Pump Street Chocolate


Orford, Suffolk Heritage Coast

Which boxes are they in?

Lella, Mary, Fitzgerald, Alma

Founded by

Chris & Joanna Brennan

Why we love them?

Delicious chocolate, packaged beautifully and sourced directly from small scale family farms and cooperatives.

Before Chris made chocolate, he baked bread. Too much bread.

What began as a hobby in his kitchen soon grew into a stall at a local market. Chris was making so much sourdough that any bread his family couldn’t eat, went on to be sold.

It wasn’t too long before Chris was struggling to meet the market demand for his sourdough. Chris knew that it was his daughter, Joanna’s, dream to have her own café. And that was when the lightbulb moment occurred.  

The pair put their heads together and in 2010 Pump St. Bakery set up shop in the beautiful Suffolk village of Orford. With their bread causing a long queue down Pump St. most mornings, Chris and Joanna directed their attention to making great pastries.

Good pastries have one very important ingredient – chocolate. If you’re going to all that effort to make a great pastry, it would be a real shame to fill it with bad chocolate.

Chris and Joanna searched high and low looking for a chocolatier that could match the quality of their baked goods. But, they just couldn’t find what they were looking for. So, whilst Suffolk’s bread-boom was going on, Chris snuck off to his kitchen again.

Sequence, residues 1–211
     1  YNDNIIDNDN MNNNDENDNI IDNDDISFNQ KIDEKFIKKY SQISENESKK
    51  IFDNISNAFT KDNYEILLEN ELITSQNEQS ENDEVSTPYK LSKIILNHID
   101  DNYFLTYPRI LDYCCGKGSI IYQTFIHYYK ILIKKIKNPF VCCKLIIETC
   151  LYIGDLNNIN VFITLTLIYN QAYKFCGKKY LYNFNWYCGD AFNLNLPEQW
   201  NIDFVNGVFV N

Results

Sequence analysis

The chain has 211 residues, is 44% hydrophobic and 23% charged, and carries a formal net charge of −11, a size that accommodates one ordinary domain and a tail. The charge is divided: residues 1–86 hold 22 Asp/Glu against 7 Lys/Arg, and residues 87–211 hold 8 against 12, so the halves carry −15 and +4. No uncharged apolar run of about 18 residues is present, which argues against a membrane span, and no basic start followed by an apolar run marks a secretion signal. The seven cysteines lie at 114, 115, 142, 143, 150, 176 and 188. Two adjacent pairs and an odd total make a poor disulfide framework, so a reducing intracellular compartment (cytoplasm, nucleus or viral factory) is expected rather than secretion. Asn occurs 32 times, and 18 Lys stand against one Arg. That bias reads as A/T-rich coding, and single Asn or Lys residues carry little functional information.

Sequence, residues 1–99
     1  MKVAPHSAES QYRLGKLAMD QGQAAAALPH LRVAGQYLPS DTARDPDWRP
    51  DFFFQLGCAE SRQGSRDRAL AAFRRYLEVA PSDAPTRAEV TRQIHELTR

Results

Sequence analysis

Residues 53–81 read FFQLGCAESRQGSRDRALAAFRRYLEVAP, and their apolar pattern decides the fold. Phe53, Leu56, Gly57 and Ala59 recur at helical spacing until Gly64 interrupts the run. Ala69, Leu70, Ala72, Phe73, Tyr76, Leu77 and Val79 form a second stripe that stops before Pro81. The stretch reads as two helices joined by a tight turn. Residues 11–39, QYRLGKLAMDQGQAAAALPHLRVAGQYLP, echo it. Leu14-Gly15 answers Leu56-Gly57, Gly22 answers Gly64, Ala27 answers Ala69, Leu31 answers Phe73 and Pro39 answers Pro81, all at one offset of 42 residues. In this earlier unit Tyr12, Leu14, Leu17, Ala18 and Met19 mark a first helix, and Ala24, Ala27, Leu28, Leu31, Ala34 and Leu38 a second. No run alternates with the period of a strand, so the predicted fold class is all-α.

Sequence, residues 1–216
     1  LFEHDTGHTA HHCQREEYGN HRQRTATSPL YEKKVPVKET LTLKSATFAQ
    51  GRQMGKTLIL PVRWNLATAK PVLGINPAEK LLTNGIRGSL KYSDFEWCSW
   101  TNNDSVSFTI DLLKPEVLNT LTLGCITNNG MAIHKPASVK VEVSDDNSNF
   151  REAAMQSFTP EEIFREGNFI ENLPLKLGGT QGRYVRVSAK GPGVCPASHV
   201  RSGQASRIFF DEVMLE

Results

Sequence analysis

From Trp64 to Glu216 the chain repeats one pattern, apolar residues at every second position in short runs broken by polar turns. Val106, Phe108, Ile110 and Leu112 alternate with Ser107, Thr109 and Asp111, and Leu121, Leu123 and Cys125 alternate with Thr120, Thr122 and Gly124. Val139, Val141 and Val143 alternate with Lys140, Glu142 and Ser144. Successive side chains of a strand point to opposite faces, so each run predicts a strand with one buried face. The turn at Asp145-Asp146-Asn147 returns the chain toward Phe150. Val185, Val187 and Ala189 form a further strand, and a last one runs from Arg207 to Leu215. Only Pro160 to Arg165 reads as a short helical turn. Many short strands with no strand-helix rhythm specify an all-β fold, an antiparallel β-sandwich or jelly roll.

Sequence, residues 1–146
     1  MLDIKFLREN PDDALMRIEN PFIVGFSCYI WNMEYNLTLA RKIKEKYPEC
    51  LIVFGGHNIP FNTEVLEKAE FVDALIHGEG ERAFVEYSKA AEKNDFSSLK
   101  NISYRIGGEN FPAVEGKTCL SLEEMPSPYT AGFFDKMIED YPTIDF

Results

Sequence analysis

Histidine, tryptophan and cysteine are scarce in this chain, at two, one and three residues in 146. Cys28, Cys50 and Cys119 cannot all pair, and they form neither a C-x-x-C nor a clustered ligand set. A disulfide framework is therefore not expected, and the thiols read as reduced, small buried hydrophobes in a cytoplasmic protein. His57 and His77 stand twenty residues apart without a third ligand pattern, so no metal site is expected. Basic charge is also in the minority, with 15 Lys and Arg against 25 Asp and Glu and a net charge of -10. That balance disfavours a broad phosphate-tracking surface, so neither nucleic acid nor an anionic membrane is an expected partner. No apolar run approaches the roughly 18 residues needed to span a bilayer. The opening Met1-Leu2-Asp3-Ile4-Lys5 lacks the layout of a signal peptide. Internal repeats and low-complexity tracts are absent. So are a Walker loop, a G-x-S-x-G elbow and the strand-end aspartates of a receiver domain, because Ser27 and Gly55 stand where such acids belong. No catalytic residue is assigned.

Micro-batch after micro-batch, Chris refined his process and recipes until he and Joanna agreed that the chocolate was good enough to pair with the baked goods. 

The chocolate was delicious. The queue on Pump St. kept on getting longer, but Chris and Joanna’s chocolate exploration led them to some un-flavoursome discoveries. 

It’s an unfortunate truth – corruption, violence and exploitation are all rife in mainstream chocolate production. The humble cocoa bean travels through a complicated web of middlemen, processors, and distributors before it is even bought by the household chocolate brands that we all recognise. 

This supply chain is bad for the people who fall victim to it, but it’s also bad for chocolate. With such low prices offered for cocoa beans, farmers can’t invest in their agricultural process, resulting in poorer quality beans and smaller yields. 

Finding the best ingredients wasn’t just about getting the best flavours, it was about making sure that they were sourced correctly – the 100% guarantee that cocoa beans arriving at Pump St. were not grown, harvested, or transported by anyone who was exploited.

Chris and Joanna would only agree to work with farmers or families whom they had a relationship with and could guarantee the good and safe working conditions of their employees. Prices well above the market asking price for cocoa would be paid, and in return farms would deliver some of the best cocoa beans in the world.

Chris and Joanna agreed that this was a pretty good deal and they agreed that it was time for the Pump St. Bakery to get a new neighbour.

Pump St. Chocolate moved in.  

To this day, the Suffolk chocolate makers still honour their roots as bakers, paying homage to Chris’ infamous sourdough loaf in their bar ‘Sourdough and Sea Salt.’